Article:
Catalonia's separatist leader quits, refuses to back Socialists to form regional government

Catalonia's regional head of government Aragones speaks at Palau de la Generalitat in Barcelona

By Joan Faus

BARCELONA (Reuters) - Catalonia's outgoing president said on Monday he would quit politics after his separatist party's disastrous showing in the region's election that saw Spain's Socialists deliver an historic upset to the independence movement.

Pere Aragones's moderate Esquerra Republicana de Catalunya (ERC) remains the best hope for the Socialists, who won the most votes in Sunday's election but fell short of a majority, to form government in the prosperous northeastern region.

Aragones, who has led Catalonia for three years, said his party would not back the Socialists, telling them to call on hardline separatist party Junts instead.

"ERC will remain in opposition, which is where citizens have placed us," he told reporters.

The Socialists, led locally by Salvador Illa, had 42 seats in Catalonia's 135-seat chamber with more than 99% of the vote counted, while its habitual coalition partner, far-left Sumar, won six. Junts had 35 seats, and ERC had 20.

To win an investiture vote to form government, parties must have 68 seats in the first round and a simple majority in the second.

Senior Socialist official Nuria Parlon told reporters their preferred option was a leftist agreement with ERC and Sumar, with a minority government backed by other parties as an alternative.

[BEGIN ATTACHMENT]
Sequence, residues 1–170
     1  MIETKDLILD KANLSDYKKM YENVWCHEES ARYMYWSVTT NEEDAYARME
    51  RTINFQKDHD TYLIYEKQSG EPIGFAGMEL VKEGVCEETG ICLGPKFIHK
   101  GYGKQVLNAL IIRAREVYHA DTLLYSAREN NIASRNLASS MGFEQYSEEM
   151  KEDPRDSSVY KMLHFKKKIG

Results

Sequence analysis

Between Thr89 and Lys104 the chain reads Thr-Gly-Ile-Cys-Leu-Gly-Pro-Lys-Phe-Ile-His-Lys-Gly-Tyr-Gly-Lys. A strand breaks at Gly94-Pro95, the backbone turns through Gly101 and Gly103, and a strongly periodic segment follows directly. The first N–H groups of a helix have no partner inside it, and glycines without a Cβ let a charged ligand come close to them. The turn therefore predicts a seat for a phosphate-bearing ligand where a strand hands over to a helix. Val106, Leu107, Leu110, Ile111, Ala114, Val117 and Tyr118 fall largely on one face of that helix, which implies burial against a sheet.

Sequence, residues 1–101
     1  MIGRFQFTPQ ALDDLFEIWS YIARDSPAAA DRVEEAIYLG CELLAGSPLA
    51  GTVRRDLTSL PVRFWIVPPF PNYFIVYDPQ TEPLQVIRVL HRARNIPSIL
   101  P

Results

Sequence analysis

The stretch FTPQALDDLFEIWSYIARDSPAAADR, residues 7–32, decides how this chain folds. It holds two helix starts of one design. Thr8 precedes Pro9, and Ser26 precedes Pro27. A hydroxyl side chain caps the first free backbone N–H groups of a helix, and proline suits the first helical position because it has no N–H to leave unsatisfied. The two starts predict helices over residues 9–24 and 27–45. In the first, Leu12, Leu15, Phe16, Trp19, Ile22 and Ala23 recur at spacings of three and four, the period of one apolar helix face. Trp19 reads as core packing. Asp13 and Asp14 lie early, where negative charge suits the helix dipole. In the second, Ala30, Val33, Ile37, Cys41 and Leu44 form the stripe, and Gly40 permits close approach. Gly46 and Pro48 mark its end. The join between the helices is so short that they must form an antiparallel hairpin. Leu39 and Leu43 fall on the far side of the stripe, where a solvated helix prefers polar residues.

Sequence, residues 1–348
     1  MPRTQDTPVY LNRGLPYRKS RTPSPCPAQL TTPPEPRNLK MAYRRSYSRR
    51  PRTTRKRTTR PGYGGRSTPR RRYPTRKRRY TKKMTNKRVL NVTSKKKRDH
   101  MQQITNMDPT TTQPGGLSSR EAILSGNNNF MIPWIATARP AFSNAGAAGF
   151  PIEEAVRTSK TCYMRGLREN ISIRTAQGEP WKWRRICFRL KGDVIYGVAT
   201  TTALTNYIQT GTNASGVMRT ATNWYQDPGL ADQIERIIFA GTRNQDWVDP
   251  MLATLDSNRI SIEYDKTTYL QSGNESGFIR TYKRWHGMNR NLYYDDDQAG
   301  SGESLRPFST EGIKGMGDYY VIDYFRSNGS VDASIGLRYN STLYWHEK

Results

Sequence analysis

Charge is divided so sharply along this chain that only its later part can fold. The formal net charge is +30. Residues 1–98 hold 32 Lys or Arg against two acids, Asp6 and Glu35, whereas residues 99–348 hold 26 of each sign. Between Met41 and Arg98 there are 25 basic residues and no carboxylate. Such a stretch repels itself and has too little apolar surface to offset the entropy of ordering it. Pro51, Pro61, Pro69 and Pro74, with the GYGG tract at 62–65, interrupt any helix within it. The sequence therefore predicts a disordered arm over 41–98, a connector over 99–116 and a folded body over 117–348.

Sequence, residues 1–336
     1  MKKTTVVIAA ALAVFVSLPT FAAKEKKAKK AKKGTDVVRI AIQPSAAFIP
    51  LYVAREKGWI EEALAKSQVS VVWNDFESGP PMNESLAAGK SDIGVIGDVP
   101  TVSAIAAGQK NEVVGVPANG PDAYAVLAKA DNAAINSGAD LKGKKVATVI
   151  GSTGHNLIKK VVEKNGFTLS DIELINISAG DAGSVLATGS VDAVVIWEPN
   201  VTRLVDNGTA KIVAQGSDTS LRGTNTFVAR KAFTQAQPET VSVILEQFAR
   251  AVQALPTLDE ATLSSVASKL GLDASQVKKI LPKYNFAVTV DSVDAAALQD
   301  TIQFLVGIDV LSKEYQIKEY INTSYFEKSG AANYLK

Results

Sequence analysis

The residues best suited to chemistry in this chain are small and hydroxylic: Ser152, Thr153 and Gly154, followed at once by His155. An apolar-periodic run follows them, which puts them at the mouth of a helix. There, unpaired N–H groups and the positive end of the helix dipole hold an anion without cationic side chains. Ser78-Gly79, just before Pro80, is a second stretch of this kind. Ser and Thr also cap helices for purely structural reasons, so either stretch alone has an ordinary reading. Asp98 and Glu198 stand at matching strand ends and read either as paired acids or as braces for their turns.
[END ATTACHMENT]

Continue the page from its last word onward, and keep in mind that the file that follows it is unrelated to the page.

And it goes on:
The regional vote also has implications for the stability of the national government.

ERC has presided over a period of calming tensions with Spain's Socialist-led central government following the turbulent years after Catalonia held an illegal independence referendum in 2017 and briefly declared independence, sparking a constitutional crisis.

PARDONS

Prime Minister Pedro Sanchez has pardoned separatist leaders convicted over the independence drive and offered a controversial amnesty to others still being prosecuted. ERC has in turn backed Sanchez's minority government nationally.

The fruits of that more conciliatory approach were reflected in Sunday night's good result for the Socialists, while the ERC lost significant support.

Now, it must decide whether to remain firm in rejecting the Socialists' overtures to support it to form a government, potentially forcing a fresh vote.

Ignacio Jurado, a political scientist from Carlos III University in Madrid, said ERC may decide its voters may have punished it for having too friendly relations with Madrid, and up the price of its support both at a regional and national level. Demands have in the past included control of the region's train network and taxes.

The more hardline separatist Junts party has also backed the minority Socialist national government.

But its leader Carles Puigdemont told reporters on Monday that he would not support the formation of a regional Socialist government and if the Socialists turned instead to the conservative People's Party, Junts would withdraw its backing for national government too.

Cristina Monge, an independent political analyst, said the continued support of the ERC and Junts was crucial for the stability of Spain's national government.

"If one of them, Puigdemont probably, is not included in any way in the Catalonia agreement, he could put the Spanish government in a very difficult position," she said.

(Reporting by Joan Faus and Belen Carreno, Writing by Aislinn Laing,; Editing by Andrew Cawthorne)